Road Trip, Route 66

Getting Ready to Drive The Mother Road

We’re getting ready to drive the “Mother Road.” We are picking up something big in Los Angeles (too big to ship home) and are using it as a reason to take a classic road trip.

As children of the 60s, some of our earliest memories are of family long-distance road trips and this is a chance to recreate a vacation from our youths. What better route than Route 66?

There are dozens of books about Route 66: historical perspectives, turn-by-turn tutorials, tourism guides, etc. There are websites devoted to everything about the “Mother Road” and its attractions. It’s a veritable cornucopia of research material to make the most of the trip. I’ve spent three months digging into everything I can find to plan the trip and decide what we can’t miss, where we should stay and where we should eat.

As the trip draws closer, we’re both getting down to the nitty gritty of what to pack. That list now includes some items we need to buy once we get to LA. We’re flying out and driving back, after all, and some of what we want to have in the car is just too bulky to carry on a plane.

Maps and a camera are essential. Turn-by-turn instructions are crucial so we don’t miss any of the old road sections as they wind through towns of the west and Midwest. A picnic basket is a key piece of recapturing the “good old days” that we hope to relive. We want to be able to stop for lunch and pull out a sandwich and a drink like when we were kids.

We plan to blog the whole trip and capture images of our nation’s towns and cities. We will continue our typical style of chatting with everyone we meet along the way. We hope to enjoy foods native to every region from Santa Monica to Chicago.

Hitting the road is a great way to see things, especially when you stay off the interstate and stick to local highways. Route 66 will take us through ghost towns, struggling towns and places seeing a surge in tourism as more people opt to take a slower pace to enjoy their travels.

There is a whole world out there just waiting to be explored. This time, we’re taking back roads to do it. Stay tuned.

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Fort Worth – A Step Back in Time

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I’m no historian, but I love to hear and read the histories of people.  That makes travel to “historical sites” challenging, as they are often too sterile to be interesting…at least to me. But a recent trip to Fort Worth, Texas, has changed my perspective a bit.

Greg had to go to Fort Worth for a conference, so I joined him. We opted to save on the rental car and just hang around the downtown area that surrounded our hotel, Sundance Square.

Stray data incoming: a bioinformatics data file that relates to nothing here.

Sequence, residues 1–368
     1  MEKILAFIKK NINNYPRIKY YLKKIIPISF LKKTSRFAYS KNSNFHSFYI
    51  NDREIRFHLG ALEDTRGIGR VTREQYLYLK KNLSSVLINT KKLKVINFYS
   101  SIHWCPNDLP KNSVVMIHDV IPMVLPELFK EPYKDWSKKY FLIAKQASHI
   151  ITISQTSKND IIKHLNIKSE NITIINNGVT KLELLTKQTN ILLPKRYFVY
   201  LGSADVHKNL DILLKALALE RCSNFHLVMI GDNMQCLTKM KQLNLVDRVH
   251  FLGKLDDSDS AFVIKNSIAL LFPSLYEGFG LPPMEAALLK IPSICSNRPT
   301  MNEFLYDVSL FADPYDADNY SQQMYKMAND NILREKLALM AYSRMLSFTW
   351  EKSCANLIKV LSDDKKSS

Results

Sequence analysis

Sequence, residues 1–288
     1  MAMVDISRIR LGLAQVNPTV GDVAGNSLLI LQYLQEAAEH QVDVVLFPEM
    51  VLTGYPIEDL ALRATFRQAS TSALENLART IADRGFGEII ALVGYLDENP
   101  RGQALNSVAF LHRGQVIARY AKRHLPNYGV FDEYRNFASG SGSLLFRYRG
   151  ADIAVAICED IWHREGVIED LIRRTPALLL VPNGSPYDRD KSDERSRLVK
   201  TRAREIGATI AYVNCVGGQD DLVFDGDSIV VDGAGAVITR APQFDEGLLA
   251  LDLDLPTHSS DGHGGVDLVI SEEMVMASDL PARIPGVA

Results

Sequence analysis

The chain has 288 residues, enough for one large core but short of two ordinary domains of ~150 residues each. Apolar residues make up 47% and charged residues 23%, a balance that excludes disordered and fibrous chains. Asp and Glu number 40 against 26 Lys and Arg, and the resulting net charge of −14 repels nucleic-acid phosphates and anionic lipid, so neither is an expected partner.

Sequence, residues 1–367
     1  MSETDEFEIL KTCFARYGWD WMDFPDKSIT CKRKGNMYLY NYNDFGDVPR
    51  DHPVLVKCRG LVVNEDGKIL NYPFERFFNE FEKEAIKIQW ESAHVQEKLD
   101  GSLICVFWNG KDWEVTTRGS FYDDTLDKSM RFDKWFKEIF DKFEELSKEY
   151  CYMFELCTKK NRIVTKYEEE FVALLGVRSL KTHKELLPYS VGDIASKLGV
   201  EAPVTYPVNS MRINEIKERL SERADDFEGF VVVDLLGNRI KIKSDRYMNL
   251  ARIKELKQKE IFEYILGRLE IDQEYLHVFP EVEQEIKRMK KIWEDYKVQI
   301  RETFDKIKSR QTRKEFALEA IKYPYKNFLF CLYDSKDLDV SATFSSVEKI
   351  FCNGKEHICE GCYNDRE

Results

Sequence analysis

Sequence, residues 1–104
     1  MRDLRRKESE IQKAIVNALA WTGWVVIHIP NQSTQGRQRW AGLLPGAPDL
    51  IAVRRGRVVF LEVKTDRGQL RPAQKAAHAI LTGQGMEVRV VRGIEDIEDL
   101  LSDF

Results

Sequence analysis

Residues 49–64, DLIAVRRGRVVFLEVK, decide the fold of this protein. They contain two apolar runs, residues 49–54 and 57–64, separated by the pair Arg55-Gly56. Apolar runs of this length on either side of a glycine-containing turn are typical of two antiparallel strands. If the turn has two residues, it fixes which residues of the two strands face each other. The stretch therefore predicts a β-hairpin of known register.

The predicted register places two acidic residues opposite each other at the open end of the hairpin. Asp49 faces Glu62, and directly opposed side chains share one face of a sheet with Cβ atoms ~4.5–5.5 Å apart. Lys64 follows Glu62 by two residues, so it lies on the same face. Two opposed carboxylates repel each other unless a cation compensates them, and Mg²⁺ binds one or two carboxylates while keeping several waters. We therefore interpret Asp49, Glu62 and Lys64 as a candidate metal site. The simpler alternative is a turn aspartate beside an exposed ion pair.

WHAT A TREAT! I looked up the website and it doesn’t say anything about a specific effort to make the whole area a little piece of Art Deco design, but that’s what is happening there.
Physically, the 35-block zone around a central plaza is almost like a trip back to 1920.

20151118_114801Our hotel, for instance, was built in 1929. The inside of the Courtyard by Marriott Blackstone was completely modernized and looked a lot like any other nice hotel, but the outside was just like it had been when the hotel was built. Dozens of buildings in the area were that way.20151118_112026_001

 

 

There was a flat iron building that looked just like the one I had seen in Chicago.

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Bass Hall, a performance center, touted trumpeting angels on its façade.

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Around every corner I spotted another little art deco treasure. 20151118_115753

 

 

 

Even the AMC theater looked like a trip back in time.

 

 

20151118_114853_001The detail on the buildings was amazing. Brick patterns adorned the edges, copper accents gleamed in the Texas sun.

 

Even the business signs had that great historical feel.

This is not some attempt to be a re-enactment city like Colonial Williamsburg or Salem, Massachusetts. Those places are historically accurate, but have a TOTALLY fake feeling. Fort Worth isn’t trying to make you experience life in the 1920s. The merchandise in the stores is modern; even the stores are modern. 20151118_121041

There’s an Ann Taylor Loft, a White House, Black Market and other national chain stores that sell the same things as other stores in the chains, but they are set in buildings that are decidedly art deco.

There were a couple of hints of the past in this uniquely western town. 20151118_121222 In the front window of Leddy’s Ranch at Sundance Square, a man was shining a businessman’s cowboy boots. The buffing and polishing that happens on a shoe shine chair seems limited to airports and train stations these days. 20151118_111936

 

 

 

At Peter Brothers, a haberdasher was fixing the brim of a hat using tools from a different era. He was an interesting combination of modern and historic in his khaki shorts and a t-shirt.  20151118_111824

 

 

 

 

 

 

 

The store still makes western hats and fedoras the same way they’ve been made for a century.
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Even the Christmas decorations that were going up had a throw-back feel.
What an utter delight! As a non-historian, I never felt like someone was trying to teach me about the history of the area or, for that matter, the history of design or architecture.

Instead I just enjoyed the views, the details, the simple beauty of another era – all while I strolled and shopped with all the modern conveniences.

I had no idea this gem was there … not exactly hidden, but not very well advertised, either. I hadn’t known what to expect when I decided to spend a few days in Fort Worth with Greg, but this is why I love to travel. You never know what you’ll find that isn’t in a guide book.

So pack your bag and go somewhere. Remember: There’s a whole world out there, go see it.